U.S. military unclear about when to retreat from Haiti

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The U.S. military has not yet set a time frame to retreat from the relief operations in Haiti that has been hit by a strong earthquake, said a senior officer on Tuesday.

General Ken Keen, the deputy commander of the U.S. Southern Command and the commander of Joint Task Force Unified Response in Haiti, told a video-conference that it is still too early to say how long it would take before the U.S. military could hand over relief operations to the U.S. and international civilian aid organizations.

"As they build up their capacity to provide that much-needed assistance, the need for our military forces will decreases," he said. "And we are talking to them as they build the capacity to do just that."

He also said that the U.S. military has been working with the UN, international community and the Haitian government to set up a 5,000-bed hospital to treat survivors from the earthquake that hit the country on Jan. 12.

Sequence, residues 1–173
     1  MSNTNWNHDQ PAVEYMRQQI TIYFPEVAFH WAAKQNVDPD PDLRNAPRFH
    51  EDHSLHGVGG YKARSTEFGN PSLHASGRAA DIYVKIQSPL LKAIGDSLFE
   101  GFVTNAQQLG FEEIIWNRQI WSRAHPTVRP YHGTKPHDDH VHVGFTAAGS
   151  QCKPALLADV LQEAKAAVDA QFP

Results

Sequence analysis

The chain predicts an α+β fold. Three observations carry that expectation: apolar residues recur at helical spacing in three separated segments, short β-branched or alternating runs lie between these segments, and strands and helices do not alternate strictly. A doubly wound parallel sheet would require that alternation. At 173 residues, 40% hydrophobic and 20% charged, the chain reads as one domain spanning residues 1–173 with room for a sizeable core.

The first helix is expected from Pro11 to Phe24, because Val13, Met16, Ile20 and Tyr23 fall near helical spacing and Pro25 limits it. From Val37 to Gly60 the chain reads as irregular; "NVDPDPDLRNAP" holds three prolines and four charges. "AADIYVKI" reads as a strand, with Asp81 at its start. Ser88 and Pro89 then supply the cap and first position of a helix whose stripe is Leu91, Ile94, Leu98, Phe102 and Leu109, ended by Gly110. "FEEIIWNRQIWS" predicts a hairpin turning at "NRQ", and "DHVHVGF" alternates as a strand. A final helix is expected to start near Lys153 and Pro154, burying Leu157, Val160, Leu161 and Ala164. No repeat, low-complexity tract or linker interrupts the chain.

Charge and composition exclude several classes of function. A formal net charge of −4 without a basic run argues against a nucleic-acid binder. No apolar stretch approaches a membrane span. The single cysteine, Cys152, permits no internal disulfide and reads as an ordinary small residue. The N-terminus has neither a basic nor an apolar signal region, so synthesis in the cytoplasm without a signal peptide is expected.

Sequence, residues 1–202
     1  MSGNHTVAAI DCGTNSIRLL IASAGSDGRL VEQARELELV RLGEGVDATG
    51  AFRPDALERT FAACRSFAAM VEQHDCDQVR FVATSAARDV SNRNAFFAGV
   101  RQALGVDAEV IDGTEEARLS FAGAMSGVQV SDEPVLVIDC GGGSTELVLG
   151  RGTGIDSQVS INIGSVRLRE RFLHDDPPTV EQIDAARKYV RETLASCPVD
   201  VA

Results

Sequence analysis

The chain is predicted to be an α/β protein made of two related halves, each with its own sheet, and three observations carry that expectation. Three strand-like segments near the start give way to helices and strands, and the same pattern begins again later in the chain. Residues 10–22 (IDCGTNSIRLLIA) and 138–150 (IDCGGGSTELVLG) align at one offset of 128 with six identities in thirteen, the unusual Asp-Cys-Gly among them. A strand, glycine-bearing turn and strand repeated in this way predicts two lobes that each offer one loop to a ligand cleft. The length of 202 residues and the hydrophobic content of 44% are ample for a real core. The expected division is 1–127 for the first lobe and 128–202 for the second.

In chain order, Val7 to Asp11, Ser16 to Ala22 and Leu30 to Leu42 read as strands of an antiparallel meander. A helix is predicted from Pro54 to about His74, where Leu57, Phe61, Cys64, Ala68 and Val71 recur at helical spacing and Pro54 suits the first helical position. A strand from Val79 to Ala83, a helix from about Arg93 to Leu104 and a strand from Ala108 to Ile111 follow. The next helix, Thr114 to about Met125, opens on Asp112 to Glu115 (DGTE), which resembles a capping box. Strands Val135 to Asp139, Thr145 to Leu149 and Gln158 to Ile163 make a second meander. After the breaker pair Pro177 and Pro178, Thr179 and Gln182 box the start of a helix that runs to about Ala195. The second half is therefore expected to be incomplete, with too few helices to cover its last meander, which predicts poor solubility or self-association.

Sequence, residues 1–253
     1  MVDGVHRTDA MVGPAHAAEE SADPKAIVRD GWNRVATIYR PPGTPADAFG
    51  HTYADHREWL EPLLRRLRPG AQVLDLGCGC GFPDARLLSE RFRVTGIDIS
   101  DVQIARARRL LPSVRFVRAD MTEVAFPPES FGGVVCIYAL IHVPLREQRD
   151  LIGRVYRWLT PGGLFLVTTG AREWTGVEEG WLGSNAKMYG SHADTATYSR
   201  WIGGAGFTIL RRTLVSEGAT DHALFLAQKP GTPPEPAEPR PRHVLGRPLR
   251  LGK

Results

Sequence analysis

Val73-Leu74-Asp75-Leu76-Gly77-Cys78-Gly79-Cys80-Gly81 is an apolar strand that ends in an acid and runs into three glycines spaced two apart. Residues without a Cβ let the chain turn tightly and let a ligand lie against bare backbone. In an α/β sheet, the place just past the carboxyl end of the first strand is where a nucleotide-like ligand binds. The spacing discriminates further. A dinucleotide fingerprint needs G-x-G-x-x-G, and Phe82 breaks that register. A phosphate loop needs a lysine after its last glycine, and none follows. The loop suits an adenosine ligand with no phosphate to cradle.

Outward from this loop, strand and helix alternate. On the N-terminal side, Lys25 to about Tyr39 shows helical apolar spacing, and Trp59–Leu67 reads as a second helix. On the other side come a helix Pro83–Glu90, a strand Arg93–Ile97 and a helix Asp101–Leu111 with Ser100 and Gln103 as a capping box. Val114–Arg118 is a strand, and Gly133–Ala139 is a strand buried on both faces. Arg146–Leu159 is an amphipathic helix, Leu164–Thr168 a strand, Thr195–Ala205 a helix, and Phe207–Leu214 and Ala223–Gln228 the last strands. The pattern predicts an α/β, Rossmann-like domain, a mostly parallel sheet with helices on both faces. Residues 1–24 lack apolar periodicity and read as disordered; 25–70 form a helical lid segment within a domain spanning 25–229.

Earlier in the day, Vice Admiral Alan Thompson, director of the Defense Logistics Agency told reporters at a different occasion that he believes the military could begin to withdraw from Haiti within three to six months and leave international organizations to assume major roles in earthquake relief operations.

So far, the Pentagon has sent more than 15,000 military personnel to Haiti.

However, the dominant U.S. role in earthquake-hit Haiti has been questioned by some countries.

French Cooperation Minister Alain Joyandet said on Monday that the U.S. military had monopolized the airport. "This is about helping Haiti, not about occupying Haiti," he said on French radio, in Brussels for an EU meeting on Haiti.

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